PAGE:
Schedule A of Form 1040 contains the below-the-line deductions that may be taken if the taxpayer chooses to itemize deductions. These include:
• Medical and dental expenses, but only to the extent that they exceed 7.5% of the taxpayer’s AGI;
• State and local taxes. The taxpayer may choose to deduct either income tax or sales tax. For most people, deducting state income tax provides the larger deduction;
• Real estate taxes;
• Interest paid on the mortgage loan of the taxpayer's primary residence;
• The value of charitable donations made by the taxpayer;
• Specified amount tax deduction for each dependent claimed on your return;
• Certain types of casualty or theft losses;
• Some unreimbursed job-related expenses, even if the taxpayer does not operate his/her own business.
Note that Schedule A deductions are limited for those taxpayers whose AGI is more than a little more than $150,000. A sliding scale that is based on the taxpayer’s AGI dictates the percentage of the below the line deductions that may be deducted by the taxpayer in determining the taxpayer’s taxable income.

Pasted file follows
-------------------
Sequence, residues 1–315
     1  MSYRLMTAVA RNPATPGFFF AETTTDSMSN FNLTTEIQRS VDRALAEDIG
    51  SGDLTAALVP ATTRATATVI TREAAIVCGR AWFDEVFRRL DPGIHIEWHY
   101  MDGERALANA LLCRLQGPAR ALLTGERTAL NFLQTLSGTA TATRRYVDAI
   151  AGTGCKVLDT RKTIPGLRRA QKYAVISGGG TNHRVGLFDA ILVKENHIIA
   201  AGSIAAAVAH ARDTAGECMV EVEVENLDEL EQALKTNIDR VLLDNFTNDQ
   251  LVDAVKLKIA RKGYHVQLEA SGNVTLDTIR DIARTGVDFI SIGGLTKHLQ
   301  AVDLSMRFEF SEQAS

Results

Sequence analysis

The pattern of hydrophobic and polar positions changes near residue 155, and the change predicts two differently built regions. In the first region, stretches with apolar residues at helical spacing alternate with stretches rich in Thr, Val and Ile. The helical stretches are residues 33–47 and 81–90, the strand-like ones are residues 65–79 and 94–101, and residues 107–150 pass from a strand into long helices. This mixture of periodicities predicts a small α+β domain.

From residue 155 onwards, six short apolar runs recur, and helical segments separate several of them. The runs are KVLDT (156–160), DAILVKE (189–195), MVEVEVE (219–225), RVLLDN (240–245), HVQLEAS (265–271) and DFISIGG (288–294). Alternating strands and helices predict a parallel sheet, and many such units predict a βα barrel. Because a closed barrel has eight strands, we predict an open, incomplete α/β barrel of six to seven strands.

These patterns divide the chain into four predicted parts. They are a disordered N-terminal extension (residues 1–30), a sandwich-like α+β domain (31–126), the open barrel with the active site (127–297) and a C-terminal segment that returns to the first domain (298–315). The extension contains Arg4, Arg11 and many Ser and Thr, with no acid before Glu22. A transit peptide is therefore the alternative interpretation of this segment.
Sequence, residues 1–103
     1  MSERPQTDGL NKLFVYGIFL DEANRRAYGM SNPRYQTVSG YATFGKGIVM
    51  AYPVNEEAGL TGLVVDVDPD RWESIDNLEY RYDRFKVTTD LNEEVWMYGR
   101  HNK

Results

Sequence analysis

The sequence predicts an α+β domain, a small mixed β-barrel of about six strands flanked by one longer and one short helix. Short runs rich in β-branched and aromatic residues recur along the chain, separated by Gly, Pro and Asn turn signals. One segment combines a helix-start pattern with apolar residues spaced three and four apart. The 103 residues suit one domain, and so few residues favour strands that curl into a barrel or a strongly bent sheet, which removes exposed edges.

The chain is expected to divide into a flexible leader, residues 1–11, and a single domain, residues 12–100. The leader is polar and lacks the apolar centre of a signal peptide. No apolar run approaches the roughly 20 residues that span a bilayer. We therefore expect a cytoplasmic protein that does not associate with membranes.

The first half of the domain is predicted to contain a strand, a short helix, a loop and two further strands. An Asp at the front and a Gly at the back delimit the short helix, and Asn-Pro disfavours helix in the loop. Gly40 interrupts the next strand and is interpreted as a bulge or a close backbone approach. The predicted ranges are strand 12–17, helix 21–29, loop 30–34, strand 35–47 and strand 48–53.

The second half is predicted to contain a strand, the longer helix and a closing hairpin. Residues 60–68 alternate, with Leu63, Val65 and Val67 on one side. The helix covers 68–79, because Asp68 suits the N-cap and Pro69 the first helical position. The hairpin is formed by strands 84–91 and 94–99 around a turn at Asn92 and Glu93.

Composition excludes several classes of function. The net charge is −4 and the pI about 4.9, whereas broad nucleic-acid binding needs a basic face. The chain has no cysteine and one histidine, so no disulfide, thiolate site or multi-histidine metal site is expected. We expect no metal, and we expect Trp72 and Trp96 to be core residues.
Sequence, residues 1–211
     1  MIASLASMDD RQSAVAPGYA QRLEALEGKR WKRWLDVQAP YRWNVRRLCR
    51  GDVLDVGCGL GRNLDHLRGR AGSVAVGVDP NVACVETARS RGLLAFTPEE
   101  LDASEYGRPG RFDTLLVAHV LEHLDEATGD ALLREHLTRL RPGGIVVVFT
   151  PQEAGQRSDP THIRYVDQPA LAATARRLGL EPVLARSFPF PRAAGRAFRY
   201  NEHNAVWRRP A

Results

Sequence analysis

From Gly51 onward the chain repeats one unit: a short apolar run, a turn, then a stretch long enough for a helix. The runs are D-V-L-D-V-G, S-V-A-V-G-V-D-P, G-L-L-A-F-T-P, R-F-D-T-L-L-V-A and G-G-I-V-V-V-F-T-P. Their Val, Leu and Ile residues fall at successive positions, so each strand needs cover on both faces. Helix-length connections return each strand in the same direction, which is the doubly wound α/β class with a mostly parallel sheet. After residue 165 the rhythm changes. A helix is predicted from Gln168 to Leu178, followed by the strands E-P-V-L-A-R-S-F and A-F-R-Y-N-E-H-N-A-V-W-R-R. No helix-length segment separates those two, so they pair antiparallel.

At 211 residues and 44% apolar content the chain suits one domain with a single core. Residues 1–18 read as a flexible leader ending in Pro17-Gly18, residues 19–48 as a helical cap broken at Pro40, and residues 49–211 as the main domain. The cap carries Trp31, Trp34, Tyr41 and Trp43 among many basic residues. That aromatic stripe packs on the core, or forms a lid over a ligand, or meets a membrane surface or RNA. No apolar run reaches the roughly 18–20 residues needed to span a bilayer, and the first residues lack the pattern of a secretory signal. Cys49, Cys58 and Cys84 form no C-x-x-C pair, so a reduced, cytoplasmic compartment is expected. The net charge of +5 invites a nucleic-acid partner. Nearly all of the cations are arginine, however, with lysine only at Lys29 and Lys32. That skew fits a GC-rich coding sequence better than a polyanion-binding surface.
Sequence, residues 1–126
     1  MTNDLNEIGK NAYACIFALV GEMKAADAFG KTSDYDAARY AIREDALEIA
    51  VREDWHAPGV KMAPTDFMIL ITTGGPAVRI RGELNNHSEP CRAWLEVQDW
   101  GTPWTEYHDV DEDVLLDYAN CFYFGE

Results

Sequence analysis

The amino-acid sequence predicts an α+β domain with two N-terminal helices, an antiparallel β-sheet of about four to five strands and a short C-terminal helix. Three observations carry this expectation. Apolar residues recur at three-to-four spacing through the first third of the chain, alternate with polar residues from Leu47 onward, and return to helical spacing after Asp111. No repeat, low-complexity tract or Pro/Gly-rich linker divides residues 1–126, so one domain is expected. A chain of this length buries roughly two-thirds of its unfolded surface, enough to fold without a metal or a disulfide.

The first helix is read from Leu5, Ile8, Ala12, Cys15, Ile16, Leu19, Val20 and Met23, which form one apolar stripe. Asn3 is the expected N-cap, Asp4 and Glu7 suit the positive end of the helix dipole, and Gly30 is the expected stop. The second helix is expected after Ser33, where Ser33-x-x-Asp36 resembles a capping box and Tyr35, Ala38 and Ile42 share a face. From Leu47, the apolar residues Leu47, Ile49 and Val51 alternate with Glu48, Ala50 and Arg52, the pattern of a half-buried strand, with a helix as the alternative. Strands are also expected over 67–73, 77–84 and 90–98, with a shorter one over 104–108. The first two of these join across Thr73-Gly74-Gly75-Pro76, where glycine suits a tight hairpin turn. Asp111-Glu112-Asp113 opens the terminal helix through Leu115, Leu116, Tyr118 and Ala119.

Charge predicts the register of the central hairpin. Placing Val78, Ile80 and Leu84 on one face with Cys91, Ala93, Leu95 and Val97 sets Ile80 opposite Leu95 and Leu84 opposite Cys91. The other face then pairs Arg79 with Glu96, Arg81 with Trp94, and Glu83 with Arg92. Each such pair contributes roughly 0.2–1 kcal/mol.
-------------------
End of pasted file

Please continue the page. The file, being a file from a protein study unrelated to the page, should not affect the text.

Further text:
The taxpayer’s “taxable income” or “net income” is calculated by subtracting all of these deductions from the taxpayer's AGI. The applicable amount of income tax is then calculated by applying the applicable tax rates. Once the total amount of income tax is calculated, it is then time to apply any applicable tax credits.
Tax credits are amounts that can be subtracted from actual tax due. These are, of course, superior to deductions since they reduce the tax amount dollar for dollar rather than merely decreasing the income upon which the tax would be calculated. Examples of tax credits include:
• The Earned Income Tax Credit. This tax credit is available to taxpayers with relatively low earned income, though the amount of allowed income increases with increasing family sizes. While quite complex to figure out, the EITC can be quite a substantial tax credit for low income wage earners. In fact, it is possible that the amount of the EITC will be more than the taxpayer's total tax bill, meaning that the taxpayer ends up paying a negative income tax.
• The child tax credit. As of the 2016 tax year, the amount is $1000 per dependent child.
• Credit for foreign taxes paid on the same income.
• Credit for certain educational expenses.
• Various other credits, including those for purchasing certain energy saving materials or systems, etc.
Other adjustments to a taxpayer’s bill are also possible, as the tax code is extremely complex in its entirety. Nevertheless, these four types of numbers are the fundamental building blocks upon which all individual income tax returns are based.